Certification vs. QualificationAlex Fields
I hold several certifications in my field of expertise: a number of Microsoft certifications, as well as Cisco, WatchGuard, IBM and other technologies. Before all of that happened, I also earned my bachelor’s in mathematics and philosophy from University, as well as a shiny Master’s degree from a private college.
My education on its own qualified me for exactly the same set of jobs I could have obtained directly out of high school—in my field this basically means level 1 helpdesk. The difference when I graduated was this: I had amassed several thousand dollars of student debt.
Don’t get me wrong—I loved higher education, and if I had not done all of it, and added IT certifications to that list—I probably wouldn’t be where I am today. My first “real” job offers came from companies who valued certification, and even with all the education and other experience I had acquired, they openly admitted during the interview process that my active work in obtaining more and more certifications helped them take my resume more seriously, and moved me to the top of the interview list.
So what does certification require? A study guide or a book, some practice exams, and a few weeks of study. Oh, and usually about 150 dollars to go and take the exam. That’s about it. Does studying for and passing these exams make you any better at the job? In my experience, technical and sales exams do very little to prepare you for real life situations that you will run into on the job. And I know that I’m not the only person to hold this opinion.
So what is the point? Certifications don’t matter after all? I think the answer is more complex than that. While I can’t speak to certifications outside the field of IT, I imagine the same holds true for many industries: certifications are often the only objective way that we have to measure competence. If nothing else can be said about passing a paper exam (or even a simulation-based one), it is this: you probably have to know enough.
I think of certification as a kind of “baseline” or “litmus test.” In my opinion, it represents a kind of basic level of knowledge. Take the CCNA for example: even if you’re not going to be working primarily with Cisco-based devices in your job, if you have the word “Network” listed anywhere in your job title (Network Technician, Network Engineer, Network Support Specialist, etc.), then you should be able to pass this exam, at a bare minimum.
If you can’t, then you may not be qualified for the title you’re wearing. Since a lot of people frequently fail this exam, I know this is a harsh statement. But I stand by it. It is an entry level certification. Even if it takes two or three tries, you should be able to pass it once you’ve got a good foundation and understanding of the basic principles of networking, and a very cursory understanding of Cisco IOS commands.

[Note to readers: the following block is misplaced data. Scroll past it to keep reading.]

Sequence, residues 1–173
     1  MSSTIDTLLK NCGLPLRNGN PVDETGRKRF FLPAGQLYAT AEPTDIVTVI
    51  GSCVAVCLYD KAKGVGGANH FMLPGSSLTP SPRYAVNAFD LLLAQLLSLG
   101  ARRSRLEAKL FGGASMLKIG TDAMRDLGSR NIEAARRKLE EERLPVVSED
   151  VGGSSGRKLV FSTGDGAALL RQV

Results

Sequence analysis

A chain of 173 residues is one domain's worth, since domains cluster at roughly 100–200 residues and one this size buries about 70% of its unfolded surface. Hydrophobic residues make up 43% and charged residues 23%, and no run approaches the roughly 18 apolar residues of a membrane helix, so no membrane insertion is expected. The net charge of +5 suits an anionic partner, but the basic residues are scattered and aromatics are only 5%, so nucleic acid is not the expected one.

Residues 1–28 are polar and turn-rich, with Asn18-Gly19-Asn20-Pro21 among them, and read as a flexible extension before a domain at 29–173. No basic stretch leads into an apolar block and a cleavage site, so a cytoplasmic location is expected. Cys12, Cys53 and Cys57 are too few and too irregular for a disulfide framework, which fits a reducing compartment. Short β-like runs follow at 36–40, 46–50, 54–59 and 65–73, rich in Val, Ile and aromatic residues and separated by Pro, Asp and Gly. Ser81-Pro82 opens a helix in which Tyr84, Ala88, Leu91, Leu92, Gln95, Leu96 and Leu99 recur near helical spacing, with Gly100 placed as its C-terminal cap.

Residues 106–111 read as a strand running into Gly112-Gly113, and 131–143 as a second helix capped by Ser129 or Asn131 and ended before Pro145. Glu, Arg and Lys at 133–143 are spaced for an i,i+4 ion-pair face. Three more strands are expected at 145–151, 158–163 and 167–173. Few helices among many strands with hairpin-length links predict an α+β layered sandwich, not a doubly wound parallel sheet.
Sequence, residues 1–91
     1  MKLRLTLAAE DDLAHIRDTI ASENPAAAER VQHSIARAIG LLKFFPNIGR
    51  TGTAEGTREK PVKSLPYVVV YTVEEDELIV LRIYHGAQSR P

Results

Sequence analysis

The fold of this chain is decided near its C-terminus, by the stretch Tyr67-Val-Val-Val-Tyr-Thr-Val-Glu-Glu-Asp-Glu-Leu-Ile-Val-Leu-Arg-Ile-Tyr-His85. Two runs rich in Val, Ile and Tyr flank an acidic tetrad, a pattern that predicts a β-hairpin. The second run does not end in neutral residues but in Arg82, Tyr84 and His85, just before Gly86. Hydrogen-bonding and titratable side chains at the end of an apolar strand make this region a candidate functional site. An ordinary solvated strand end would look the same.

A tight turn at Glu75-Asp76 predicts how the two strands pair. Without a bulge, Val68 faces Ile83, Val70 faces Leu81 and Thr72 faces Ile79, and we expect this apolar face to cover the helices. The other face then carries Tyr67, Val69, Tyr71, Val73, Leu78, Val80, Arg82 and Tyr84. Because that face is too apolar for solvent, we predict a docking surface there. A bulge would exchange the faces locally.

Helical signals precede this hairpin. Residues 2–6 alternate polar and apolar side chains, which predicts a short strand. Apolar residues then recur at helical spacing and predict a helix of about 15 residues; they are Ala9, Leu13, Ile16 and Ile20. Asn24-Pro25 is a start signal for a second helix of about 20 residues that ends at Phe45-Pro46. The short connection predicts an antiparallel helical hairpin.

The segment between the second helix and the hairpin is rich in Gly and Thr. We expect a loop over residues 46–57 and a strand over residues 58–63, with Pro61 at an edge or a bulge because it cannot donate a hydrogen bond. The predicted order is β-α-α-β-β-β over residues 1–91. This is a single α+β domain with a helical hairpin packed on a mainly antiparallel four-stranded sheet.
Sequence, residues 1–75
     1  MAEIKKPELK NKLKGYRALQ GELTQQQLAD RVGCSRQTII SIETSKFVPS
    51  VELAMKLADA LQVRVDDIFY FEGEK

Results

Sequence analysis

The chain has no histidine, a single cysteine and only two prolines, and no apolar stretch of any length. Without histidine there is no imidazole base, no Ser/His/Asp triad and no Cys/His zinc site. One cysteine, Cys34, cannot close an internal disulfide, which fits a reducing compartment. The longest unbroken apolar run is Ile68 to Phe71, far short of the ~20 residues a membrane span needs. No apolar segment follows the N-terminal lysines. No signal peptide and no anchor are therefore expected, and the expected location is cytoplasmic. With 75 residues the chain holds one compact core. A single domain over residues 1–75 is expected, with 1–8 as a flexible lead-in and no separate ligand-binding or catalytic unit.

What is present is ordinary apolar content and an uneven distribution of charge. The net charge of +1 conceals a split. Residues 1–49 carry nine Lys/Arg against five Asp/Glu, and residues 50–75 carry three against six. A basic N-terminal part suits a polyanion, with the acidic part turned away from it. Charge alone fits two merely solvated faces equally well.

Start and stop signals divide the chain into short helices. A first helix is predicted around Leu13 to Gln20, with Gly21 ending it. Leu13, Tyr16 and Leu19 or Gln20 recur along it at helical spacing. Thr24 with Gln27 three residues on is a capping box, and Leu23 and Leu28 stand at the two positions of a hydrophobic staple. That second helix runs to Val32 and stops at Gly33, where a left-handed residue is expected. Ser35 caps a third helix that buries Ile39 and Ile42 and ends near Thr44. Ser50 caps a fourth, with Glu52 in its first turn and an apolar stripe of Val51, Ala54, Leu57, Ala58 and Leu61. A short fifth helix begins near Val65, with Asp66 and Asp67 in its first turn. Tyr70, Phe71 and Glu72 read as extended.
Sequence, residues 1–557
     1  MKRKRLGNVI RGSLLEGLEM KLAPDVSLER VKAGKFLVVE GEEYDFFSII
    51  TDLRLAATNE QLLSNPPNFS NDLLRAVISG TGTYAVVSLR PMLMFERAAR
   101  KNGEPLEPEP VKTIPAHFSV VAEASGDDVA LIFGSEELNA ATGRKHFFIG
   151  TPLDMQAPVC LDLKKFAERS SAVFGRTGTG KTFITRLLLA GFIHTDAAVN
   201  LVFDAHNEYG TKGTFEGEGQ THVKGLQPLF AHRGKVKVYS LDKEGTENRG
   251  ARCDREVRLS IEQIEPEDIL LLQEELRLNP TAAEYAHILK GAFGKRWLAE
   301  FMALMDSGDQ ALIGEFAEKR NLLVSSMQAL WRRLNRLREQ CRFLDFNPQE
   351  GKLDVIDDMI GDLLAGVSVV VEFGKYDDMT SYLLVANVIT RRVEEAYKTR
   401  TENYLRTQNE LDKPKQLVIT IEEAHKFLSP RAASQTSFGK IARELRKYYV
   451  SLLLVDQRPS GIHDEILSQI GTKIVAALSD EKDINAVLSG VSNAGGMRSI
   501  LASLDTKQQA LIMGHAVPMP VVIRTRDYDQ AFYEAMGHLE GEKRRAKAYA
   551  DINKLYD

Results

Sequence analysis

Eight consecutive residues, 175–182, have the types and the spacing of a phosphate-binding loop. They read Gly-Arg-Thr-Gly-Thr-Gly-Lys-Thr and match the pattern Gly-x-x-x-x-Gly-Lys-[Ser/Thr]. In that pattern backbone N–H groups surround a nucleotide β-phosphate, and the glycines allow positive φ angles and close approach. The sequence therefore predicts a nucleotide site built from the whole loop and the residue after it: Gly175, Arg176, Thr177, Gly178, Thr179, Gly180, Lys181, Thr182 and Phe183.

That having been said, a certain set of letters appended to your name does not magically qualify you to hold a particular job title, either. At the end of the day, experience and work ethic are going to trump everything else. You need to show up and do the work, and do it well. Every. Single. Day. You need to be able to adapt and problem solve when things go south. You need to be able to keep it all together under pressure. And if you can solve enough problems, you will eventually find that you are truly qualified for the higher level work and the fancier job titles. In other words, you just need to build up a track record.
Nobody really cares if you earned your CCNA, your MCSE or even something more substantial like an MBA. They may or may not help you get your foot in the door, and in and of themselves, these things don’t matter until you can back them up. I have heard plenty of horror stories from managers who hired “paper certified” individuals with glowing credentials only to find out they couldn’t hack it on the job.
The lesson? Certification is not equivalent to qualification. If you want the latter then you need to get to work. If you are after the former, it should be for the right reasons. Maybe you want to send a message to your employer or your customers about your competence and dedication, for example. But if you don’t walk the walk, as they say, then I’m afraid that all the certification in the world isn’t going to help you. The inside needs to match the outside. Period. The world is too transparent now. If you can’t deliver on your promises, people will be able to figure it out pretty quickly, and once the word is out, that’s it for you. Better find a different line of work.
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